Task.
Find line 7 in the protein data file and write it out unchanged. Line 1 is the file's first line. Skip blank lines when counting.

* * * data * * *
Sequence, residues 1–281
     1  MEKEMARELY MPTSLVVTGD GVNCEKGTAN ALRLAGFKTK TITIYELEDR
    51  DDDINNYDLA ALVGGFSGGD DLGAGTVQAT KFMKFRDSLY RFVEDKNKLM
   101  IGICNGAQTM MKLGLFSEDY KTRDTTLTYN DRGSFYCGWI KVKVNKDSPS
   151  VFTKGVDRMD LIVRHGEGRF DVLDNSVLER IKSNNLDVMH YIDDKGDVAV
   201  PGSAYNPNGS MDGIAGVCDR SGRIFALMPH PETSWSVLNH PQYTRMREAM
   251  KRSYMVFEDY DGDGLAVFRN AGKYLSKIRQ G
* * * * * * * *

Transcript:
   251  KRSYMVFEDY DGDGLAVFRN AGKYLSKIRQ G